Seems like I’m in a Marilyn Monroe type of mood today. First Michelle William’s GQ cover and now this.
NBC’s highly-anticipated musical show “Smash” is set to premiere Monday, February 6, the day after the Super Bowl XLVI. Ever since the network added the show on it’s 2011-12 schedule, I have waited with bated breath to catch the first episode. Thanks to iTunes, I and you are able to download the pilot weeks ahead of the official premiere for free. I just finished watching it and simply put… it’s friggin’ AH-MAZ-ING. I totally understand why the “Glee” spin-off rumored to take place in NYC was nixed. It’s hard to measure up to perfection.
With “Smash” featuring musical numbers, comparisons to FOX’s “Glee” are inevitable. To lump these two together simply on that merit would be an injustice for both. The Steven Spielberg-produced show is vastly different. Firstly, it’s not a comedy and more importantly it’s more grown-up. My biggest pet peeve the past few years is Hollywood’s inclination to make entertainment like this for the “High School Musical” crowd. I was beyond perturbed when the “Fame” 2009 remake lost all it’s grit and edge from the original 1980 classic. Thankfully, Spielberg opted not to go that route and for that I give him a huge virtual hug.
“Smash” revolves around the production of launching a brand new musical on Broadway. Based on the life of Marilyn Monroe, each episode follows the trials and tribulations of those involved with creating a show of this magnitude. The show boasts a stellar cast including Debra Messing, Angelica Huston and Katharine McPhee. The series features original music by composers Marc Shaiman and Scott Wittman.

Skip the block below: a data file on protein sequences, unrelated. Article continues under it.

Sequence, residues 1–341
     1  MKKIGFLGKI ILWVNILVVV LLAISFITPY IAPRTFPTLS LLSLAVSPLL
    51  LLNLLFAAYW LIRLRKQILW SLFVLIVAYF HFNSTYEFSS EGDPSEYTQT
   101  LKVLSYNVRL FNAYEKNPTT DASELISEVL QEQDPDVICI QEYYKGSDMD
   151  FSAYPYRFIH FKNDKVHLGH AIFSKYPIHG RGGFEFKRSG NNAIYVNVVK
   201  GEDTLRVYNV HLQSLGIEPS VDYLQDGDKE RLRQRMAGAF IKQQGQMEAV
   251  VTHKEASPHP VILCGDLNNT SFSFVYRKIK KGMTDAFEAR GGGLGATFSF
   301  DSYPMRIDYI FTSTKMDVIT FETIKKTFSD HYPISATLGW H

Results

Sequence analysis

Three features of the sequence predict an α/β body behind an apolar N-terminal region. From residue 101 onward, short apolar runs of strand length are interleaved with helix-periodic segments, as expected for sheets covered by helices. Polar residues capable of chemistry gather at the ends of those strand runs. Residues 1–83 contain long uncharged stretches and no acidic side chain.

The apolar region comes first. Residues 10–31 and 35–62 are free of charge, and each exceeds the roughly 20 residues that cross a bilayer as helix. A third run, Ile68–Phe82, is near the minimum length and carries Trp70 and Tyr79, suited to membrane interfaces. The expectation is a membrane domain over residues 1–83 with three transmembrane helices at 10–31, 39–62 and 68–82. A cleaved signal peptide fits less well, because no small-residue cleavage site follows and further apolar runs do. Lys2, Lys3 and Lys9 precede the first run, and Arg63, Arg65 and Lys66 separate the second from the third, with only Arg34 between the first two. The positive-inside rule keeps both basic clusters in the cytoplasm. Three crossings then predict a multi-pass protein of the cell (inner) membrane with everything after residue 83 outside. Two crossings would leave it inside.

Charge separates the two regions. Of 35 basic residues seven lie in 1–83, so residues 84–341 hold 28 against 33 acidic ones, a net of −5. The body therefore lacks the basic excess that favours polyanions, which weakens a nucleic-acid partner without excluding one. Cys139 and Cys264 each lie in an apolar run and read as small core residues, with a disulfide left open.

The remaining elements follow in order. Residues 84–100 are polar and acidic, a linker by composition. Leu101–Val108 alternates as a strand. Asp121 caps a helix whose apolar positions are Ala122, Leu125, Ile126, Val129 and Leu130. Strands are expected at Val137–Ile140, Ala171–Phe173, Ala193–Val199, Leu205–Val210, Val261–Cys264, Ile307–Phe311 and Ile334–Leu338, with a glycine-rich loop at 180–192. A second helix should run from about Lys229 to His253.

So what did I think? Here’s a quick rundown. Katharine McPhee dazzled as a young ingenue trying to land her first major gig. From the onset, you’re rooting for her character to succeed after failed audition after another. Speaking of auditions, the show began with McPhee singing “Over The Rainbow“. Arguably, her rendition of that “Wizard of Oz” classic was her signature song during her time on “American Idol“. I literally bust out laughing when her performance on “Smash” was cut short by the casting director. Was that some sort of dig at “American Idol” and Fox? If so, a standing ovation.
Standing in McPhee’s way to land the coveted Marilyn Monroe role is Megan Hilty. From the trailers I had seen so far, I was expecting to not like Hilty’s character. Surprisingly, I found myself also rooting for her. Now, I can see why the characters on the show have a hard time deciding which actress should take on the titular role for their brand new Broadway musical. The appeal of both characters makes the season-long dilemma far more believable.
The pilot episode did an excellent job of introducing the other lead characters on the show. It took me about halfway to finally forget Debra Messing wasn’t playing Grace Adler anymore. For the first half, I half-expected her to deliver a joke after every line as she did on “Will & Grace“. Another character I really enjoyed was that of Messing’s co-writer’s assistant played by Jaime Cepero. It’s a small role but I found myself relating to his character a lot. I can totally imagine myself being as giddy as him witnessing the creation of a Broadway musical. I also loved McPhee’s boyfriend on the show played by British actor Raza Jaffrey.
I couldn’t finish the post without mentioning the musical numbers shown on “Smash”. Let’s face it, that’s what the show is really about and will keep people tuned in. The quality of the numbers shown were equivalent of what you’d see in a big-budget musical on the silver screen. Simply fantastic. My personal favorite was the baseball number. Plus we get to see hot talented male backup dancers thrusting away to every beat. Consider me dead and in heaven.
If you love “Wicked“, “Rent“, “Hairspray” and musicals in that vein, “Smash” is up your alley. I highly suggest you check it out immediately. Download the pilot episode of Smash on iTunes, by clicking here.